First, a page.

The beginning and the goals of Bauhaus
Bauhaus: [Ger., lit. “architecture house”, from Bau = building (bauen=to build) + Haus = house.]
Contemporary German architecture set its main trends in the first thirty years of the 20th century. The strongest influences came from Weimar and Dessau, where the Bauhaus school was founded in 1919. Under the leadership of Walter Gropius (1883-1969) and Ludwig Mies van der Rohe (1886-1969), the Bauhaus style spread to the far corners of the earth. Today masterpieces of its synthesis of architecture, technology and functionality can be found all over the world. One of the main goals of Bauhaus was to renew architecture. The leaders of Bauhaus, Walter Gropius, Hannes Meyer, Ludwig Mies van der Rohe, were architects.
The origins of Bauhaus were far from the earlier methods of education in industrial art, art proper and architecture. Its program was based on the newest knowledge in pedagogy. The idealistic basis of Bauhaus was a socially orientated program:
– an artist must be conscious of his social responsibility to the community,
– on the other hand, the community has to accept the artist and support him.
But above all the intention of Bauhaus was to develop creative minds for architecture and industry and thus influence them so that they would be able to produce artistically, technically and practically balanced utensils. The institute included workshops for making models of type houses and all kinds of utensils, and departments of advertising art, stage planning, photography, and typography. The neoplastic and constructive movements of art to a great extent steered the form lines of Bauhaus. Teachers were such masters of modern art as Wassily Kandinsky and Paul Klee.
To better understand the aims of the Bauhaus school, one has to read the following extracts from Walter Gropius’ Manifesto: “The ultimate aim of all creative activity is a building! The decoration of buildings was once the noblest function of fine arts, and fine arts were indispensable to great architecture. Today they exist in complacent isolation, and can only be rescued by the conscious co-operation and collaboration of all craftsmen. Architects, painters, and sculptors must once again come to know and comprehend the composite character of a building, both as an entity and in terms of its various parts. Then their work will be filled with that true architectonic spirit which, as “salon art”, it has lost.” … “Architects, painters, sculptors, we must all return to crafts! For there is no such thing as “professional art”. There is no essential difference between the artist and the craftsman. The artist is an exalted craftsman.” … “Let us therefore create a new guild of craftsmen without the class-distinctions that raise an arrogant barrier between craftsmen and artists! Let us desire, conceive, and create the new building of the future together. It will combine architecture, sculpture, and painting in a single form.”
Often associated with being anti-industrial, the Arts and Crafts Movement had dominated the field before the start of the Bauhaus in 1919. The Bauhaus’ focus was to merge design with industry, providing well designed products for the many.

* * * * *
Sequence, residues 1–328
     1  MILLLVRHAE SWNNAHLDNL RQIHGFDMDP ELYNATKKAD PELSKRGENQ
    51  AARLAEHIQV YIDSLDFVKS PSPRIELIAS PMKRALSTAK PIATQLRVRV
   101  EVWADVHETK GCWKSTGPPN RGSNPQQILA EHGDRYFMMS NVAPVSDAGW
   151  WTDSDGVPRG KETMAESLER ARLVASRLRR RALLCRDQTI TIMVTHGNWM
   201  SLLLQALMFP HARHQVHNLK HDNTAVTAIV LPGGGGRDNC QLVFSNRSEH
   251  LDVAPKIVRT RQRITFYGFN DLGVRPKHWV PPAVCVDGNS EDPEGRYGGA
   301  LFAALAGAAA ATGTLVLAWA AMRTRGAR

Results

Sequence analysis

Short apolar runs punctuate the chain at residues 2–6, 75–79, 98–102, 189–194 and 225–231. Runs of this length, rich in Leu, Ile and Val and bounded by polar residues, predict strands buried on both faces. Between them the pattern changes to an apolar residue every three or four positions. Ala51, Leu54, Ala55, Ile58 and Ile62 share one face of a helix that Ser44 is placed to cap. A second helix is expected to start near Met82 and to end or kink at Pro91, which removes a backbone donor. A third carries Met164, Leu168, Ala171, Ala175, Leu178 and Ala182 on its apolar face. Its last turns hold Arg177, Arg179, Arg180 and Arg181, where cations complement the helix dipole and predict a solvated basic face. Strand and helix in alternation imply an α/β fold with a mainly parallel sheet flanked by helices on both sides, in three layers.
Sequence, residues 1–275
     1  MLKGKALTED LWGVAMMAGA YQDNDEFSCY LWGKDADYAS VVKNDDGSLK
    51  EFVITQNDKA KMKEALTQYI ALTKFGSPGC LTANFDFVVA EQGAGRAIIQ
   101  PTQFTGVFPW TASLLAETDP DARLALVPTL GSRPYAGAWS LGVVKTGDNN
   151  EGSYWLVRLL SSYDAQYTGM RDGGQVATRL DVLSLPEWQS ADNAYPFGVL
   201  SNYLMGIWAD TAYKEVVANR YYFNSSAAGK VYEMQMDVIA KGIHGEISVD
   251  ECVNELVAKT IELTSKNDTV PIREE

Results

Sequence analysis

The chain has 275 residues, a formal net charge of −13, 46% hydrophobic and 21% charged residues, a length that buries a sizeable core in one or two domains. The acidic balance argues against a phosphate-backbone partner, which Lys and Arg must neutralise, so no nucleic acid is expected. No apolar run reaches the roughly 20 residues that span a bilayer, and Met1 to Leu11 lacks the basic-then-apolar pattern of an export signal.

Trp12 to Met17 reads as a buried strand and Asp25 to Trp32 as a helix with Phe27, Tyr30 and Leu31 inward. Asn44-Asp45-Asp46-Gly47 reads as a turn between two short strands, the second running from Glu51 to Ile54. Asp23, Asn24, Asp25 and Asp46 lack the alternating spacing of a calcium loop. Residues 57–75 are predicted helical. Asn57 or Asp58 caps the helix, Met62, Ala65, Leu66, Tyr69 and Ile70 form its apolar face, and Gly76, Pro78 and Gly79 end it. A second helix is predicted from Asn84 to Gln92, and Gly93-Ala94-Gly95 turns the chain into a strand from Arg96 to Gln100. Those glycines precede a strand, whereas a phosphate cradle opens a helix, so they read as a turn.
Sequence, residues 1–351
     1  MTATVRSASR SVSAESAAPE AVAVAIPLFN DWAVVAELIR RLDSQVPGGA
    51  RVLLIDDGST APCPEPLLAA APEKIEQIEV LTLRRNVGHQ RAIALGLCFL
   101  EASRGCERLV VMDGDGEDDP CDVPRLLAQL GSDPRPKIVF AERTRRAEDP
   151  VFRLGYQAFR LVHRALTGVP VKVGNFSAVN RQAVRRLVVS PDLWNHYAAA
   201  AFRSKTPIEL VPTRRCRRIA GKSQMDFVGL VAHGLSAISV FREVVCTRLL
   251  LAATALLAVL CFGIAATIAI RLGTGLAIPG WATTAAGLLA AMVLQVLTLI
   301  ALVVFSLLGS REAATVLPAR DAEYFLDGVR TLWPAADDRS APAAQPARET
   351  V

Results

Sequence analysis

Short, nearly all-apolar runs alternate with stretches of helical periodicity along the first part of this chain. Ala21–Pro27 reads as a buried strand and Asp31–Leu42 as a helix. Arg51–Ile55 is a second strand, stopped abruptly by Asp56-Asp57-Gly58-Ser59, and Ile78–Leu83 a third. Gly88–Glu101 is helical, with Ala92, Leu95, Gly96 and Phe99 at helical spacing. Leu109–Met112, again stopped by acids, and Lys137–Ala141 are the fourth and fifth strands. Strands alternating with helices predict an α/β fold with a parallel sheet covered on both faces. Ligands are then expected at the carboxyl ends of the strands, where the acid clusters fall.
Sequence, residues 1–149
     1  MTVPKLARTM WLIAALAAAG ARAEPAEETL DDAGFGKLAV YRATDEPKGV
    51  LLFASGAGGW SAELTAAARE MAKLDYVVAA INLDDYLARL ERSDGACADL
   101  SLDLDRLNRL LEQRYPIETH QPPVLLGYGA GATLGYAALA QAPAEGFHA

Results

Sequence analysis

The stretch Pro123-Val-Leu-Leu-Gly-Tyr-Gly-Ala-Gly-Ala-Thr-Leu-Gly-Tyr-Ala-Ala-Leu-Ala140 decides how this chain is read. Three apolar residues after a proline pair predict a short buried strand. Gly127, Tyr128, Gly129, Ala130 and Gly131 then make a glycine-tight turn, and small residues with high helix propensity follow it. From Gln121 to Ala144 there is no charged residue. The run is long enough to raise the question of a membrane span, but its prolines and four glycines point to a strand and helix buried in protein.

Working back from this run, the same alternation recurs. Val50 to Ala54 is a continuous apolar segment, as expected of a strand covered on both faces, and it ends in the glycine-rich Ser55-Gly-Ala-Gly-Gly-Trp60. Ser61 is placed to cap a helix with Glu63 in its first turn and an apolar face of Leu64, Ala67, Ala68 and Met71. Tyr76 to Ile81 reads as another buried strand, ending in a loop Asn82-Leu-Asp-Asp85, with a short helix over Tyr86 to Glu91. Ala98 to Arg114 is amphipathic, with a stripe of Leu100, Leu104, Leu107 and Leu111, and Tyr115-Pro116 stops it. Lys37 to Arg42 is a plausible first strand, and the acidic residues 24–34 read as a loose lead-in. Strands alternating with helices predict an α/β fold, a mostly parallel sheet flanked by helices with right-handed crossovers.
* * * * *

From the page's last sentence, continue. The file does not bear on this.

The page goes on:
The basic idea of the Bauhaus teaching concept was the unity of artistic and practical tuition. Every student had to complete a compulsory preliminary course, after which he or she had to enter a workshop of his or her choice. There were several types of workshops available: metal, wood sculpture, glass painting, weaving, pottery, furniture, cabinet making, three-dimensional work, typography, wall painting, and some others.
It was not easy to get general allowances for the new type of art education. A political pressure was felt from the beginning. In 1925 the Thueringer government withdrew its economic support from the education. Bauhaus found a new location in Dessau. The city gave Gropius building projects: a school, workshop and atelier building (1925-1926) has remained in history by the name ‘Bauhaus Dessau’.
In October 1926, the school was officially accredited by the government of the Land, and the masters were promoted to professors. Hence, the Bauhaus obtained the subtitle “School of Design”. The training course from then on corresponded to university studies and led to a Bauhaus Diploma. Later this year, because of some political and financial difficulties, the Bauhaus center could no longer remain in Weimar and was closed. In April 1925, Bauhaus resumed its work in Dessau.
Personal relations in Bauhaus were not as harmonious as they may seem now, half a century later. The Swiss painter Itten and the Hungarian Laszlo Moholy-Nagy, who taught the Preliminary Course, left after strong disagreements in 1928, Paul Klee – in 1931. Some, for instance Kandinsky and Albers, stayed loyal until the closing of Bauhaus in 1933.
In spite of the success, Gropius left the Bauhaus leadership in 1928. His successor was the Swiss architect Hannes Meyer. He promoted the scientific development of the design training with vigor. However, Meyer failed as leader due to political disagreement inside Bauhaus. He was dismissed in 1930.
The German architect Ludwig Mies van der Rohe was invited as director. He was compelled to cut down on the educational program. Practical work was reduced. Bauhaus approached a type of ‘vocational university’. It began to loose the splendid universality that had made it so excellent. Training of vocational subjects started to dominate the initial steps of education. As a matter of fact this tendency became stronger after that Mies van der Rohe had transformed the school into a private institute in Berlin in 1932. In 1933 the Nazi government closed the Bauhaus school.
Architecture in Germany
Nazi and Bauhaus School